Each of the cases in Chinatown Detective Agency’s Day One demo kicks off a distinct narrative thread. The first involves what appears to be a large corporate conspiracy; the second revolves around the heir to a powerful religious organisation rebelling against the sect’s teachings and exposing the truth of them to the world; and the third involves the exploitation of the poor by the rich when utility companies plan to start charging subscription fees for basic human rights such as clean water.
Being set in the relatively near future, the cases in Chinatown Detective Agency are pleasingly and/or depressingly plausible — particularly the latter one — and thus it’s immediately compelling to involve yourself with these investigations. And, of course, all the more satisfying when you successfully unravel the clues you’re presented with and discover something that, if not the whole truth, then will certainly point you in the direction of your next move.
The Chinatown Detective Agency demo ends hinting that the full game will involve Amira picking one of these three distinct “routes” to focus on at a time, but there is, of course, every possibility that they will all intertwine with one another by the end of everything. The setup we have so far is intriguing and believable and the characters are interesting; doubtless there’ll be plenty to discover about Amira’s past along the way, too.
There are a few minor niggles with the demo version that it’d be nice to see ironed out before the final release — and presumably this is why the demo was released so early.
First is a relatively minor presentational issue: the game makes use of pixel art and a pixelated font, with detailed portraits for conversation scenes. These all look great — rather reminiscent of past Shadowrun games, which I suspect is deliberate. Apart from the text, that is; it hasn’t been scaled cleanly, and thus some “pixels” of the font appear uneven at high resolutions, and “shimmer” somewhat when scrolling. Hardly a dealbreaker in the grand scheme of things, but it should be a relatively easy fix by using integer scaling on the text.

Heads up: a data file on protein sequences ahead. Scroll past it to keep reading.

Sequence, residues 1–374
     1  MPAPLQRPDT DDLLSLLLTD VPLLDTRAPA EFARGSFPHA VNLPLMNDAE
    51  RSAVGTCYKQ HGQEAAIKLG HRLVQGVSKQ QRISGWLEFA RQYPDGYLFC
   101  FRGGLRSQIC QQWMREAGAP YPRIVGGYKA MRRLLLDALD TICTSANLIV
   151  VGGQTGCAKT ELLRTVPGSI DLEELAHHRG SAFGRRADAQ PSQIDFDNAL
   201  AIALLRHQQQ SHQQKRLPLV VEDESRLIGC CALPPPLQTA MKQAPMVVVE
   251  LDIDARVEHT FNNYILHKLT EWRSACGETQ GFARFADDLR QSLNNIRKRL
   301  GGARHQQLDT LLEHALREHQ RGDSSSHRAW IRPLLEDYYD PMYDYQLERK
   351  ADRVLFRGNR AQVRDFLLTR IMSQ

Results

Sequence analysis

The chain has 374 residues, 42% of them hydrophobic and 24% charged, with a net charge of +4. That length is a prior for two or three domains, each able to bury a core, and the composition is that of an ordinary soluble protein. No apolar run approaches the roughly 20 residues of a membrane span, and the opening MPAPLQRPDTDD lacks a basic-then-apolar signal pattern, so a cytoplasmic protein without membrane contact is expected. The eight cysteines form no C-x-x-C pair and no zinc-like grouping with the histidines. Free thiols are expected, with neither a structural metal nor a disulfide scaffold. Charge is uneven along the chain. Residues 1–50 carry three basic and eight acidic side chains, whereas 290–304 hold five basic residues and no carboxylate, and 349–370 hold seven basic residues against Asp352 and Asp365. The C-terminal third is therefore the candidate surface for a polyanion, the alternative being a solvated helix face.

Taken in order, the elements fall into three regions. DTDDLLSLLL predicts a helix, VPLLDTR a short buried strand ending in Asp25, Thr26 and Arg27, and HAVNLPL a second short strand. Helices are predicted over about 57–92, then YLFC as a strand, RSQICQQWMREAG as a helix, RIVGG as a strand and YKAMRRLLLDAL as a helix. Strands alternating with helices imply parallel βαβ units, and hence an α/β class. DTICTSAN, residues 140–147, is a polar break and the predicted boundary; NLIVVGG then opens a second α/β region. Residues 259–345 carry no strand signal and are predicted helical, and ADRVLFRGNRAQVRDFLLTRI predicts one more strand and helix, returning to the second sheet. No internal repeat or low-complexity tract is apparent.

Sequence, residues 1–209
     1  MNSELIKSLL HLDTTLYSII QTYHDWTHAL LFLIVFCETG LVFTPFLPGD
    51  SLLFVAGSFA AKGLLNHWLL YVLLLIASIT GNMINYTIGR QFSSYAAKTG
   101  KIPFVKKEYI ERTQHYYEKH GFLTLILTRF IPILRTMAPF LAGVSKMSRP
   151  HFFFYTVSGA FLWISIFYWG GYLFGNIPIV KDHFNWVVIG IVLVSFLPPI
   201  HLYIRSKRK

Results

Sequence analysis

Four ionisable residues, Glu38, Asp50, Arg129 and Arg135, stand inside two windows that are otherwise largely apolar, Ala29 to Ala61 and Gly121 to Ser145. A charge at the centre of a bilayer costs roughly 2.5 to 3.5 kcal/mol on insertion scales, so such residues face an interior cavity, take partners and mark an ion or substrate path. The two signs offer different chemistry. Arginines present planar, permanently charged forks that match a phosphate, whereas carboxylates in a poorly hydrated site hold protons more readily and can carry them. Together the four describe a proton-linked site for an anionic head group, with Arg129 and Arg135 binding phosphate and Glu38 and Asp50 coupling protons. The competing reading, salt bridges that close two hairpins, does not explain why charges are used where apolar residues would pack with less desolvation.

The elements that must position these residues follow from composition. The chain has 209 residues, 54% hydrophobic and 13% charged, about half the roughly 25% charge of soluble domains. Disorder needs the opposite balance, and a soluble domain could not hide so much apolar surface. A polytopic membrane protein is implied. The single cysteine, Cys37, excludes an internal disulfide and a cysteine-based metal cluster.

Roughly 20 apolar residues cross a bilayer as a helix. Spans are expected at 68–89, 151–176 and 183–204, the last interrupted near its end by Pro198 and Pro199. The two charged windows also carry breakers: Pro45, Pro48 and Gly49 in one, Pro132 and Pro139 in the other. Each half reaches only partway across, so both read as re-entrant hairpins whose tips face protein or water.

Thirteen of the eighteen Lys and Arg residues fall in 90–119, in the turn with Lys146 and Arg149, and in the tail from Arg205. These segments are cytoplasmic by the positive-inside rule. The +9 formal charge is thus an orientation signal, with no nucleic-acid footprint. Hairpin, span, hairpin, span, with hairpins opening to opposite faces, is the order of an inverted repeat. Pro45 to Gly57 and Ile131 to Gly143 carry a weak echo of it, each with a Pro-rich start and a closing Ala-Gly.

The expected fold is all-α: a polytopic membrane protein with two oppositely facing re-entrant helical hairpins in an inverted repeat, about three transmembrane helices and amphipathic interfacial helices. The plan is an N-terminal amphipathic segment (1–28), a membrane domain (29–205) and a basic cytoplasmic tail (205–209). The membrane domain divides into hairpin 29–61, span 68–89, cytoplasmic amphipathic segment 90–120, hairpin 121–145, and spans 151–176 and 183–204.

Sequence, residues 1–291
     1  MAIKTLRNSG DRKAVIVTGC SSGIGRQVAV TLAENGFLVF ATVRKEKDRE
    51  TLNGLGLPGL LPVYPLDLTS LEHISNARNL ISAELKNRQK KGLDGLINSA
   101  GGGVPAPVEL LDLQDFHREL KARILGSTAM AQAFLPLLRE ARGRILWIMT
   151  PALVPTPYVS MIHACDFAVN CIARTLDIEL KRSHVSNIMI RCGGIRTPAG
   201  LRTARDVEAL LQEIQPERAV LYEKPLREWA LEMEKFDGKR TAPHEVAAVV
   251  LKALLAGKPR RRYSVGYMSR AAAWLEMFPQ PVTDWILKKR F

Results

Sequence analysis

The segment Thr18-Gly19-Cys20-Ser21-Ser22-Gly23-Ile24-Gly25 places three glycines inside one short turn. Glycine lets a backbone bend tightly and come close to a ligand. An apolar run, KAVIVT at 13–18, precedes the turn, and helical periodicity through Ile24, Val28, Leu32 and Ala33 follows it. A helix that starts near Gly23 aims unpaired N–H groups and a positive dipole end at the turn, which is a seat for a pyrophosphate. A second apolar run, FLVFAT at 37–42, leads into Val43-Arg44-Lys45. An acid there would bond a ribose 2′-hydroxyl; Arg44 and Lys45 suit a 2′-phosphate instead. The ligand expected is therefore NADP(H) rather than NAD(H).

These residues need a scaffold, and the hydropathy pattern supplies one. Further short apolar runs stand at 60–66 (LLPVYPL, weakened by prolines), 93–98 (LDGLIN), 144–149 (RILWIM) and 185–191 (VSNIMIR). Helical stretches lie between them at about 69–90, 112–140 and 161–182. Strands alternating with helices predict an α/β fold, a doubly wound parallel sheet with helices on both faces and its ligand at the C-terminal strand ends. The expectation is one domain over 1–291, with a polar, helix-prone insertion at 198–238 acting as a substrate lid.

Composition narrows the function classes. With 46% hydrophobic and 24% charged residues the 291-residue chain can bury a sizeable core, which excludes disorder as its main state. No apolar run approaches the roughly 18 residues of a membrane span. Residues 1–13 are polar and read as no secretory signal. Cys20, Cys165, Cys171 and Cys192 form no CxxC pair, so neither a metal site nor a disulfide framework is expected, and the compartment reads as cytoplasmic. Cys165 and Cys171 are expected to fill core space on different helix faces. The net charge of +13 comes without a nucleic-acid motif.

Second is perhaps more major: the game’s save system, at present, only saves the game when you complete a case. All the cases in the Day One demo are fairly short in length, so this might not seem like a massive problem, but when you fail a case for some reason — as you can do in the final case of the demo by missing an important appointment — you’re sent right back to the beginning of the case and forced to watch all its introductory dialogue sequences again. Some of these can be skipped over with some rapid clicking, but others — such as a lengthy text message exchange between Amira and a prospective client — cannot.
There’s not really a compelling reason to inconvenience the player quite this much when they make a simple mistake, and again, this should be a fairly easy fix — implement a manual save system so that the player can save any time they want, and also an autosave any time they change location. While many classic adventure games allowed players to back themselves into “dead ends” by missing important clues or doing things in the wrong order, we should have moved past that sort of thing in this style of game by now; hopefully this will be addressed in the final release.
For now, these issues aside, Chinatown Detective Agency is looking immensely promising — and any classic adventure game fans should definitely give the demo a go over on Steam. The full game is set to arrive in late 2021 — wishlist it now to stay up to date with the latest developments, and I’ll see you on the streets of Singapore in 11 years’ time!